Same-sex couples legally married in Michigan, prior to the intervention of a federal appeals court, had any rights associated with their nuptials suspended Wednesday.
According to Gov. Rick Snyder (R), the more than 300 marriages performed Saturday after a U.S. District Court judge found Michigan’s same-sex marriage ban unconstitutional and before the Sixth Circuit Court of Appeals issued a stay putting the decision on hold will not be recognized by the state while the case is appealed.
Although Snyder stated that those marriages were performed legally, he said in a statement that the Sixth Circuit Court of Appeals decision to halt same-sex marriages from continuing pending a final verdict in the case reinstates Michigan law prohibiting same-sex marriage.
“In accordance with the law, the U.S. Circuit Court’s stay has the effect of suspending the benefits of marriage until further court rulings are issued on this matter,” Snyder said in a statement. “The couples with certificates of marriage from Michigan courthouses last Saturday were legally married and the marriage was valid when entered into. Because the stay brings Michigan law on this issue back into effect, the rights tied to these marriages are suspended until the stay is lifted or Judge Friedman’s decision is upheld on appeal.”
Snyder’s announcement comes after U.S. District Court Judge Bernard Friedman found a state constitutional amendment approved by Michigan voters in 2004 defining marriage as between a man and a woman in violation of the Equal Protection Clause of the 14th Amendment to the U.S. Constitution in a ruling handed down last week.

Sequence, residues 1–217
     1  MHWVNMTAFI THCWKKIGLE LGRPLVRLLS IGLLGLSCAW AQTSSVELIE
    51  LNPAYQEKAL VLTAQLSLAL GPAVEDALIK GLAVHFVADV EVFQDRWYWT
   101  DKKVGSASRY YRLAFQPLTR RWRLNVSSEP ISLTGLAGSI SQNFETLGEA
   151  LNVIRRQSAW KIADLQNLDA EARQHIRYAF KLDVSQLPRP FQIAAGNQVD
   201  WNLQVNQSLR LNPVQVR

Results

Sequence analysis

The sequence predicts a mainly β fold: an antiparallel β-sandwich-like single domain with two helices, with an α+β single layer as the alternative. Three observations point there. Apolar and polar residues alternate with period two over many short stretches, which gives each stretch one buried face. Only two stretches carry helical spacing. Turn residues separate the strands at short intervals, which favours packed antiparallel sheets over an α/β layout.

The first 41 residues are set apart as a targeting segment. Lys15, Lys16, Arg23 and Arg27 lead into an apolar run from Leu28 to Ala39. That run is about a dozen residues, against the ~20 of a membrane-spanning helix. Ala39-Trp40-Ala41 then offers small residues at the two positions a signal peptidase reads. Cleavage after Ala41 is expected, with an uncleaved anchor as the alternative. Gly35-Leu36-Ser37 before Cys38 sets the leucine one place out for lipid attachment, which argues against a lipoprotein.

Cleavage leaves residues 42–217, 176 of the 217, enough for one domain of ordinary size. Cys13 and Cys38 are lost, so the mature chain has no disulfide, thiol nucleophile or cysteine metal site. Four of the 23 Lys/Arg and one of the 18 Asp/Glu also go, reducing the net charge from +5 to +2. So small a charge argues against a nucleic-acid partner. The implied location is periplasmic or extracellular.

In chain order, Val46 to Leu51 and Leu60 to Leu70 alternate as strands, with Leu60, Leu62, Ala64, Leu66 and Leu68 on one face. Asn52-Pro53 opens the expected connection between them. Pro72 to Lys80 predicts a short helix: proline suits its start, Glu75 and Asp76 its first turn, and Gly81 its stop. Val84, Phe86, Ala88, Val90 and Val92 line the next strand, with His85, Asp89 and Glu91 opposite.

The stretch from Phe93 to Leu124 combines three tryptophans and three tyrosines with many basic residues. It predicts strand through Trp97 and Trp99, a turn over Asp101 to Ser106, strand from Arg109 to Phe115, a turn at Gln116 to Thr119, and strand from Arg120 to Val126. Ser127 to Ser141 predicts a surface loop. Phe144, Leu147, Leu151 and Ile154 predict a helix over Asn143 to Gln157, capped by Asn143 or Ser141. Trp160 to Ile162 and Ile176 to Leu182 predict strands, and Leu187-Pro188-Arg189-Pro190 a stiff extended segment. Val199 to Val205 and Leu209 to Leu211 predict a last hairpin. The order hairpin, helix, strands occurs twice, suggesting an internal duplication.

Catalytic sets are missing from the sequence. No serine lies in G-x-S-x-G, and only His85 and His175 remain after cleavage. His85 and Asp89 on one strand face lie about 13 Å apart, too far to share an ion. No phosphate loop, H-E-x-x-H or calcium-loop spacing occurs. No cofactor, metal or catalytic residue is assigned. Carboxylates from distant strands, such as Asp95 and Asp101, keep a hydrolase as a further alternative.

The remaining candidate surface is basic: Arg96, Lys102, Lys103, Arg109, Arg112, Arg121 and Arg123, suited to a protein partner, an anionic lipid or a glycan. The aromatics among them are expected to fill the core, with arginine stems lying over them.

With no stay noted in Friedman’s decision, several Michigan counties began issuing marriage licenses to same-sex couples Saturday before the Sixth Circuit Court of Appeals issued a temporary stay. That stay was extended indefinitely yesterday until a final ruling by the appeals court.
Although same-sex couples legally married in Michigan will not be recognized by the state, it is not yet clear if they will be recognized by the federal government. In a similar case in Utah, theObama administration announced in January that the approximately 1,300 same-sex marriages performed in Utah between Dec. 20, 2013 — when a district court struck down Utah’s same-sex marriage ban as unconstitutional — and Jan. 6, 2014 — when the U.S. Supreme Court halted further same-sex marriages in Utah pending an appeal — would be granted federal benefits.
The Justice Department did not immediately return requests for comment on the case in Michigan.
[Photo: Rick Snyder. Credit: Michigan Governor's Office.]